The holidays are known for being a time of happiness and joy. But for those struggling with depression, anxiety or loss, the holidays can be a difficult. I'm joined today by Theresa Karn, Manager of Clinical Services at Carizon Family & Community Services in Kitchener, Ontario.
Attempting to create the perfect holiday experience and living up to expectations set by yourself and others can lead to stress, sadness and even depression. Theresa explains that
we're saturated with images through televisions and magazines...of perfect couples and perfect families having their perfect holidays. And we all look at that and think, my family isn't like that. And people who are otherwise fairly satisfied with their lives and content, can end up being really dissatisfied over the holidays measuring themselves against all of these images that are not real to start with.
With the holiday season fast approaching, it's important to understand what depression is, how to recognize its symptoms and how the holidays can make this struggle even more difficult.
What Is Depression?
To be able to recognize depression and treat it properly, it's important to understand what the term means. Theresa explains that
depression is not the blues; it's not feeling down...It's an extreme and pervasive sadness and a sense of helplessness and hopelessness.
She points out that these feelings will last for some time and that if it lasts for longer than three weeks, it has become pervasive.
The cause for depression is a chemical imbalance and can be triggered by a number of things including:
- The loss of a loved one;
- Health problems;
- Seasonal Affective Disorder (SAD); and
Symptoms Of Depression
Recognizing the symptoms of depression is important for seeking help or helping a family member or friend. Symptoms range from emotional to physical and can include:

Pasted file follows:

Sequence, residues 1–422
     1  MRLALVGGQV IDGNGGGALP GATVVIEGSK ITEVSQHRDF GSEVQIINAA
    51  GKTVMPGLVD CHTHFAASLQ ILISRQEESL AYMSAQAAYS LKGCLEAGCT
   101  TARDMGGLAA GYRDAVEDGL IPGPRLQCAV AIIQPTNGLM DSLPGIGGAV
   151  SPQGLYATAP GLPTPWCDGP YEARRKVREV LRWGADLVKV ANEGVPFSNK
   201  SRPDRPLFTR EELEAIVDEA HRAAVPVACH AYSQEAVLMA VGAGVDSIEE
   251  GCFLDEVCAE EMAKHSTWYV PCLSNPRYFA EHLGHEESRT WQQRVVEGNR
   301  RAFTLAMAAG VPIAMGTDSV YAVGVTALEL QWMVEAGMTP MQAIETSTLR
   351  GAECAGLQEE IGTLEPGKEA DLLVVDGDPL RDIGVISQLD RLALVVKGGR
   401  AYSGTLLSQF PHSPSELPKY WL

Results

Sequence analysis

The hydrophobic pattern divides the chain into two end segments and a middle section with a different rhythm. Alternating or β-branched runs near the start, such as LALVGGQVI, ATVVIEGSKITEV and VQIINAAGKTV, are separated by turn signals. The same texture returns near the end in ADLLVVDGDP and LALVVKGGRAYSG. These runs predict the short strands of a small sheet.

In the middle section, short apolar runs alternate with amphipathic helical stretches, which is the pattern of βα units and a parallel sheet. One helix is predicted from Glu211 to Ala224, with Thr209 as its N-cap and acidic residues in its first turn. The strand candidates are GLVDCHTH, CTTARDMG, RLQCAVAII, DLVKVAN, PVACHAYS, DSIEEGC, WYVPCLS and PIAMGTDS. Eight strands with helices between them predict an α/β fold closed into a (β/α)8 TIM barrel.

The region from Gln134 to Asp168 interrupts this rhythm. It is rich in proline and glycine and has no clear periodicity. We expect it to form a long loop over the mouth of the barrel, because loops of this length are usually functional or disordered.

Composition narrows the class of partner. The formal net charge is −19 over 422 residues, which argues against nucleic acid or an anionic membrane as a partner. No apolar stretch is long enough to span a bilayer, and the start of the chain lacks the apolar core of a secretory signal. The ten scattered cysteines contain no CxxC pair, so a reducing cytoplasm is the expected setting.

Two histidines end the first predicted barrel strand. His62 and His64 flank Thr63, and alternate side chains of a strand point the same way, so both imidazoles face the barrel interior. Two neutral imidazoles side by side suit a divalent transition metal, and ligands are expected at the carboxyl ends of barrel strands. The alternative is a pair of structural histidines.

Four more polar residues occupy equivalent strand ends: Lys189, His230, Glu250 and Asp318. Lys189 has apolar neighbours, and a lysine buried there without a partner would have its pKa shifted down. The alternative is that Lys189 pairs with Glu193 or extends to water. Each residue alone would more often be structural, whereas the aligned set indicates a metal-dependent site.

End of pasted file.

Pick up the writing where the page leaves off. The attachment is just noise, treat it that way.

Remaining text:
- Long lasting sadness;
- Increased anger;
- Difficulty focusing and making decisions;
- Negative self-image;
- Fatigue and low energy;
- Lack of enjoyment in activities you used to enjoy;
- Change in sleep patterns (insomnia or too much sleep);
- Developing a dark and cynical sense of humour
- Withdrawing from family and friends;
- Physical aches and pains;
- Extreme irritability;
- Increased substance abuse;
- Fixation on the past and on what has gone wrong; and sadly
- Thoughts of death and suicide
Similar to the stigma about filing bankruptcy or having too much debt, there is also a stigma associated with depression. But like financial difficulty, Theresa points out that the impact of depression is common and far reaching,
worldwide, 120 million people suffer from depression in any given year. And the stats say 1 in 10 will suffer from depression in their lifetime.
Why Is Depression & Anxiety Common Over The Holidays?
Although the holidays are supposed to be a time of joy, it can also be a constant reminder about their unhappiness for those struggling with depression. Theresa tells me that she works with a lot of clients who are having financial difficulties, single parents and newly divorced couples who feel like they can't provide for their families and give their children what they want. She explains that
there is a higher level of depression and anxiety in December and around the holiday season because there's so much pressure, there's time constraints and financial constraints, there's lots to do for people trying to prepare for the holidays. The commercialization really has increased that pressure I think, for people to overspend.